Copper is an excellent conductor of electricity and the material of choice in most circuit boards. However, the material oxidizes and corrodes if left exposed, which will affect any PCB's lifespan. The solution is to cover the exposed copper sections (pads) before soldering with a material that resists oxidation. This covering process creates a PCB surface finish, and we have looked at the various types below.
What is a PCB Surface Finish?
As we all know, a PCB surface finish is an intermetallic layer that covers a board's bare copper surface (on the solderable area). This layer sits between the solder pads and components. So, its purpose is to protect the exposed copper from oxidation. Additionally, it prepares the board surface for the soldering process and enhances the board's shelf life.
Significance of a PCB Surface Finish
The PCB surface finish impacts the following features.
- Process yield
- Inter-metallic joint quality
- Testing ability
- Manufacturing process cost
- Rework and scrap rate on the production batches
- Rate of board failure while being used for the intended application
Types of PCB Surface Finishes and Comparison
The following are the nine types of surface finishes.
Hot Air Solder Leveling (HASL)
Creating a HASL finish involves immersing circuit boards into a molten solder bath containing a tin/lead alloy. After that, you remove the excess solder and level the finish using air knives, hence the acronym HASL.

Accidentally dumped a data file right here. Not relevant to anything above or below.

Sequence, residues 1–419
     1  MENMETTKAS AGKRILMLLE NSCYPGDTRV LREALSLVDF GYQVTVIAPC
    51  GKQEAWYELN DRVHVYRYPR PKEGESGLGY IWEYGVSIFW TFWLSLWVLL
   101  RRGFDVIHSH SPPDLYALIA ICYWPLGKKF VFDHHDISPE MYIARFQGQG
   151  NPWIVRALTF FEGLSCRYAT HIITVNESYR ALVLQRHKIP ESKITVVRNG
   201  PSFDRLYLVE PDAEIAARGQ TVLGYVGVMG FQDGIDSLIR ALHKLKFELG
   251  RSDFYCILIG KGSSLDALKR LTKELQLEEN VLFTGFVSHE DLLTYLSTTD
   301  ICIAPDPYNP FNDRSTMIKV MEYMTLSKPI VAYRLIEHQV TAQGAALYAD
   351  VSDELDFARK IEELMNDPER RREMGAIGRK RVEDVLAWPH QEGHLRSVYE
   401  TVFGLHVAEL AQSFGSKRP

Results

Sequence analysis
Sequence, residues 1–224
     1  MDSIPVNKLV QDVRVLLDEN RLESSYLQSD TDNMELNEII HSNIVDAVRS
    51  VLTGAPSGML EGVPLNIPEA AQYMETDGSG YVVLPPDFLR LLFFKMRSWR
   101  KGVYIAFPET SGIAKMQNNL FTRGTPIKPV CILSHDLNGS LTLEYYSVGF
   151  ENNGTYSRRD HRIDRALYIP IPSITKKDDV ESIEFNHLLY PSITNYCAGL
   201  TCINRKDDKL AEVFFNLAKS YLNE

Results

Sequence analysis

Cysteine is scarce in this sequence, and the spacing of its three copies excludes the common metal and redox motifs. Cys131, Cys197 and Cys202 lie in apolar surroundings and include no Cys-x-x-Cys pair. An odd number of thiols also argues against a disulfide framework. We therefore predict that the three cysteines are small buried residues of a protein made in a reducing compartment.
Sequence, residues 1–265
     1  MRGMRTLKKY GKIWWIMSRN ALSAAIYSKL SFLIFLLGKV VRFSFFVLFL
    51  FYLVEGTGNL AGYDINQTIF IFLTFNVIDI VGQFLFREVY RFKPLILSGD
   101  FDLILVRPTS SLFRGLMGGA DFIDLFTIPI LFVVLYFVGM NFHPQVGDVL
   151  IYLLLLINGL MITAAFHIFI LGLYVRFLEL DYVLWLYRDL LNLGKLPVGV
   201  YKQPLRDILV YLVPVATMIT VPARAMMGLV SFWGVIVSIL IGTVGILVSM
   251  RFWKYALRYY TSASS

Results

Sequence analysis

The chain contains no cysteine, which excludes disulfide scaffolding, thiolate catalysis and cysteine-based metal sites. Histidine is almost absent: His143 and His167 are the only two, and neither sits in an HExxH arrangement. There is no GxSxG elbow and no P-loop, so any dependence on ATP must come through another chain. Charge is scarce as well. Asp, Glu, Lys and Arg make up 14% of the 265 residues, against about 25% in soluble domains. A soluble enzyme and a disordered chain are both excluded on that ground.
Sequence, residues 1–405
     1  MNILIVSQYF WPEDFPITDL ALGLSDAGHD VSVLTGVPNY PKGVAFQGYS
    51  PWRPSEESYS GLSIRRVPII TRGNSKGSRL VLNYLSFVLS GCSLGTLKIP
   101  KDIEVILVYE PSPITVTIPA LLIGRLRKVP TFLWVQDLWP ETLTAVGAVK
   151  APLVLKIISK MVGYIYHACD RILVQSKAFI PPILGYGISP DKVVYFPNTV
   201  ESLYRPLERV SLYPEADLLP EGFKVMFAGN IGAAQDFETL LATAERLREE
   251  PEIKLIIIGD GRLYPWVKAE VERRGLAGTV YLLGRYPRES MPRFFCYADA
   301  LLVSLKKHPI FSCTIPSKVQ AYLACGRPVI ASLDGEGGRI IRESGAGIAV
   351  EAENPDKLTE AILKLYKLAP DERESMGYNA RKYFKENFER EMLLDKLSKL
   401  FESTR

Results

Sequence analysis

Besides, this leveling ensures a homogeneous solder surface finish thickness across the entire board. Also, the process helps identify potential delamination problems on the PCB before attaching costly components because it exposes the board to high temperatures. Moreover, HASL is mainly used on PCBs used for military applications.
- Low cost
- Long shelf life
- Widely available
- Excellent solderability
- Creates uneven surfaces
- Solder bridging
- Contains Lead
- Not ideal for fine pitch pads and HDI structures
- High temperatures can affect other board materials
By comparison, lead-free HASL is similar to the traditional HASL but does not use the tin/lead solder alloy. Instead, it uses tin/nickel, tin/copper, or tin/copper/nickel/germanium alloys. Hence, the lack of Lead makes the process RoHS compliant and more economical. However, it is still not suitable for tiny components.
- Low cost
- RoHS compliant
- First, it is not ideal for HDI applications
- Also, high processing temperature can affect other PCB materials
Finally, it can form tin whiskers
Organic Solderability Preservative (OSP)
OSP applies a thin, protective, water-based compound that selectively binds to copper pads. Moreover, this layer forms an organometallic surface that is more eco-friendly than other lead-free finishes because it is not toxic and consumes less energy. Additionally, the finish is becoming more popular due to its environmental friendliness, low maintenance, and suitability for fine-pitch applications.
- Creates a flat surface
- Impossible to measure the thickness
- Short shelf life
- Can cause IT issues
- Not ideal for plated through holes
Immersion Silver (Au)
Silver gets applied using an electroless immersion reaction, displacing the underlying copper layer. Immersion silver is not as reactive as tin, but it tarnishes when exposed to air. Therefore, you should store a PCB immersed in silver in anti-tarnishing packaging. It can stay for 6-12 months in this packaging. However, you must assemble the components via reflow soldering within a day once removed.
- Ideal for fine pitch (tiny components)
- Excellent flat surface
- Suitable for planarity
- Stable than other finishes
- Sensitive to tarnishing and handling